Whenever a plea of juvenility is taken by an accused, the age determination enquiry has to be conducted by the court only, in accordance with Section 7A of the JJ Act and Rule 12 of the Delhi JJ Rules, 2009. Where, in the opinion of the Magistrate, the accused is patently(from the physical appearance or otherwise) below 18, the court shall immediately transfer the child to observation home and order production of the juvenile before the JJB concerned. In other cases, the inquiry has to be conducted by the court, and if the accused turns out to be a juvenile, he shall be ordered to be transferred to observation home the same day and if person has turned an adult on the date of such order, in that case, to a place of safety.
Contrary to popular misconceptions, an age inquiry, envisaged under the act, is a summary inquiry to be completed within 30 days and not a full blown investigation or trial. Oral evidence need not be recorded to arrive at a finding. Lengthy examination/cross examinations are also out of the question, unless of course, a vexed question of fact arises. The input for such an inquiry may be prima face opinion on the basis of documents.
Experience has shown that in many cases, investigating officers would deliberately state the age of the accused to be above 18 years in order to defeat the benevolent provisions of the Juvenile Justice Act. To counter this, the Delhi High Court has directed that : in case of person arrested being within 18 to 21 years of age, the Investigating officer of the case of the case has to mandatorily prepare an age memo and collect proof regarding the age of the accused, and court also has to conduct an age inquiry in such cases, if juvenility is pleaded.
STAGE – III – Magisterial interventions while deciding applications for recording of statement u/s 164 of the Cr.P.C/Test Identification Parade, and the like.
While recording statements u/s 164 of the Cr.P.C
Recording of Statements of the witnesses is a vital part of the investigation. This not only allows an investigator to come to a finding, but also captures the testimony of the witness, when the same is still fresh and unsullied. However, the code reflects a palpable distrust of police officers in the matter of impartial recording of statements. Statements recorded by the Police Officers during investigation are inadmissible in evidence, except in limited cases where it can either be used as a Dying Declaration or only insofar as it leads to a recovery.  These statements, however, can be used for contradiction and cross examination of the prosecution witnesses, at the time of trial.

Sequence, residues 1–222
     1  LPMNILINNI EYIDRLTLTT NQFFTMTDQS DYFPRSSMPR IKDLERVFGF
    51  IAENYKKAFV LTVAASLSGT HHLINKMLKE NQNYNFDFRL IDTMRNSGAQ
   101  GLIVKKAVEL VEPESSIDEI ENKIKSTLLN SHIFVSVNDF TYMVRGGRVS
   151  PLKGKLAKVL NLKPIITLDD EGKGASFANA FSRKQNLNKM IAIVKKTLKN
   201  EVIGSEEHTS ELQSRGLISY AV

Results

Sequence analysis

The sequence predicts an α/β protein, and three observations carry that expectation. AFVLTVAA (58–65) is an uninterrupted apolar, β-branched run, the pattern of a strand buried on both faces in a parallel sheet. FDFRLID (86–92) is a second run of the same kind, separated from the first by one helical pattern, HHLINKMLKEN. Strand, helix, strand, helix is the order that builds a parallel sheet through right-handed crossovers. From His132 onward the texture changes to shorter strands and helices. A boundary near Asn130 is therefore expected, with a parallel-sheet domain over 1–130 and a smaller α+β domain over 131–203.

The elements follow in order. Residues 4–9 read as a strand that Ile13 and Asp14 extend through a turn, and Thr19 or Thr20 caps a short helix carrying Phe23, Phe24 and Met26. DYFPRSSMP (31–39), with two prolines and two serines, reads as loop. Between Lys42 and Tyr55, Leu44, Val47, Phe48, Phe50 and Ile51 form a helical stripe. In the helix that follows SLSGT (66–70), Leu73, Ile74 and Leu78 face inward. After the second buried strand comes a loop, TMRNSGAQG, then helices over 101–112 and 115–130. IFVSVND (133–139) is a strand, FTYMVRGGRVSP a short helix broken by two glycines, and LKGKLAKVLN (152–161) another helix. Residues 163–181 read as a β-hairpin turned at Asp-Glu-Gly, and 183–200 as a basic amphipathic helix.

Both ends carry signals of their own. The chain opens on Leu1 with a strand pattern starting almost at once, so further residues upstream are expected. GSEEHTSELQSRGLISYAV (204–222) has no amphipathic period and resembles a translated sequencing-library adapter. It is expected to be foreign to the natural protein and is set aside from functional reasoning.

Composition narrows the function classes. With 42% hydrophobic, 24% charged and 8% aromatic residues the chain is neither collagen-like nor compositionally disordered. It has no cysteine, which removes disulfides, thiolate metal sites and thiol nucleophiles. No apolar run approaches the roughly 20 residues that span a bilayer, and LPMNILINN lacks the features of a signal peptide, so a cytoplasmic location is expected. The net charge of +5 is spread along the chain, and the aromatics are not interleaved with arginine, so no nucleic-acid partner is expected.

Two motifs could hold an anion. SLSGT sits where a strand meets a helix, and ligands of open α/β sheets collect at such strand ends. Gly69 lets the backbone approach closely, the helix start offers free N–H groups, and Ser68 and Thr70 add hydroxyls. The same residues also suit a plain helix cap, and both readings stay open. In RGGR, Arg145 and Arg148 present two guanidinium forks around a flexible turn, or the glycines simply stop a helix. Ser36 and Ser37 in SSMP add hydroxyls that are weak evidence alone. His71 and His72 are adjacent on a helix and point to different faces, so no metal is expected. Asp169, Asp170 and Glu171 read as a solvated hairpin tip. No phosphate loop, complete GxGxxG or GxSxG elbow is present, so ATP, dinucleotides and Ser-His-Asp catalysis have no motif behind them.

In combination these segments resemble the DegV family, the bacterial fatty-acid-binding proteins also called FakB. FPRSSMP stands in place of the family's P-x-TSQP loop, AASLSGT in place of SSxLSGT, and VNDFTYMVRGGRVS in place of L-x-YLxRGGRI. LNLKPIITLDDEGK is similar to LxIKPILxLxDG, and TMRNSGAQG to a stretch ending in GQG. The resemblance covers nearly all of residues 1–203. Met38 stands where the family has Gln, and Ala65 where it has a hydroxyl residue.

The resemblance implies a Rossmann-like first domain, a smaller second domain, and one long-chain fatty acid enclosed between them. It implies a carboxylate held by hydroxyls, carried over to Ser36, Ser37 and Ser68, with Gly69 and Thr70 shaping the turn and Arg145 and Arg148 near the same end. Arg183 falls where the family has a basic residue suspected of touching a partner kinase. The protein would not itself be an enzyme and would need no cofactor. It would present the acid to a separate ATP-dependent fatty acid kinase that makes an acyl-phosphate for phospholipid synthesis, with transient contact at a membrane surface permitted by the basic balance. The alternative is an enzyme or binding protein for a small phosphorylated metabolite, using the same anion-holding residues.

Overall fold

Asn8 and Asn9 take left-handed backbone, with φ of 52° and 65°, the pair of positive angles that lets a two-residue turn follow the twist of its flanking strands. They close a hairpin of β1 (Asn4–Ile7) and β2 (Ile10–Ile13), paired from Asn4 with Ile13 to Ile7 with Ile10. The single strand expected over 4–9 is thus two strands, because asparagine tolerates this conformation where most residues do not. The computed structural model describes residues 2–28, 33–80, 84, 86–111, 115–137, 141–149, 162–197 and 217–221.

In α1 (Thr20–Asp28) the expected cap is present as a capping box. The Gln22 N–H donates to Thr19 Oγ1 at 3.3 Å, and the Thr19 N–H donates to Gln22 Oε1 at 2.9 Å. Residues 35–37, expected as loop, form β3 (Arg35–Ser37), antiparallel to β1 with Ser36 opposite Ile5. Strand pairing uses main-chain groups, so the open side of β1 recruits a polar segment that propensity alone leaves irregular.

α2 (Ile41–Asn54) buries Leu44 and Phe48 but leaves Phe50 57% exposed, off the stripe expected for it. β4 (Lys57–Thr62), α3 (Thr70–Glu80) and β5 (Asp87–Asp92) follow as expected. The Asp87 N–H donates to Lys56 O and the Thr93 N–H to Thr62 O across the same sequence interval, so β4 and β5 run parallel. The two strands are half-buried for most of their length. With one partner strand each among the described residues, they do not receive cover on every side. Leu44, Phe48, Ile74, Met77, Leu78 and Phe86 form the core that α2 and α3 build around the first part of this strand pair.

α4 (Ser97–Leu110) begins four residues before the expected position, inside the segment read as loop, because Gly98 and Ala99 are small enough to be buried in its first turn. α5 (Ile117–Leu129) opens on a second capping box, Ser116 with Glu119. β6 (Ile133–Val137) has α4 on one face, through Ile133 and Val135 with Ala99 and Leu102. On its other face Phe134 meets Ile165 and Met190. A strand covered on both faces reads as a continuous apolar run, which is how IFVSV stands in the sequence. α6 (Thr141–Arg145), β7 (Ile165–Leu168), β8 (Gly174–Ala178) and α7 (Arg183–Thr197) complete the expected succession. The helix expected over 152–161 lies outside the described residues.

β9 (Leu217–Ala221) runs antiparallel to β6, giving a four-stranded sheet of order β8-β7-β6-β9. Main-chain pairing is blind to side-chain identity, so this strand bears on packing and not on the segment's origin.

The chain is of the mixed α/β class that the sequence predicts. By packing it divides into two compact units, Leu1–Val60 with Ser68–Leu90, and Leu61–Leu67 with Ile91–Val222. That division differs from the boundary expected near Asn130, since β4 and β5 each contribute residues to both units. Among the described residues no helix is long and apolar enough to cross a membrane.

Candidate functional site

In India, the statement u/s 164 of the CrPC is recorded by the same Magistrate who goes on to conduct inquiry or trial, or his link Magistrate (In Delhi). In contrast to this, in the French system, the statements of the witnesses are recorded by an ‘Examining Magistrate’, a judge who carries out investigation and also arranges prosecutions. The conception of a Magistrate under the French System will be dealt in greater details in the following paras.
Coming back – Under the present code, Section 164 allows recording of statement of witnesses & confessions by the magistrate. The statement of witnesses under this section is recorded on oath. The underlying objective is to preserve evidence, get an account of the testimony of the witness at the first instance (while it is still fresh), and to prevent retraction of testimony at a later stage. Another upside of a statement recorded u/s 164 of the Cr.P.C is that the same can be used for corroboration of the witness’s testimony at trial, thereby strengthening the veracity of prosecution case.
The safeguards in place to ensure the voluntariness of a confession/statement made before the magistrate are too well established to be reiterated. However, there are certain cases that deserve extra care and caution : for instance, in cases of rustic/illiterate and other vulnerable witnesses, the magistrate is duty bound to cull out the truth from the witness by asking the relevant questions. In cases of child victims, the statement ought to be recorded in the special child witness/vulnerable witness room, away from the grim dynamics of the court. The magistrate can also take the aid of visual guides/diagrams and anatomically correct dolls with a view to ensure that the young witness, who might not be articulate or possess an adult vocabulary, is able to communicate and explain as to what happened. POCSO also envisages the presence of a parent/support person with the victim at the time of recording of statement. It also permits the services of a special educator/interpreter/translator to aid the judge to understand and record the statement better. Wherever possible, the magistrate must direct the IO to make the necessary arrangements for video recording of the statement. The expectation, therefore, is of utmost sensitivity and responsiveness while recording the testimony of a vulnerable witness, being alive to the trauma & stigmatic impact that the witness has undergone. 
Magistrate and Witness Protection.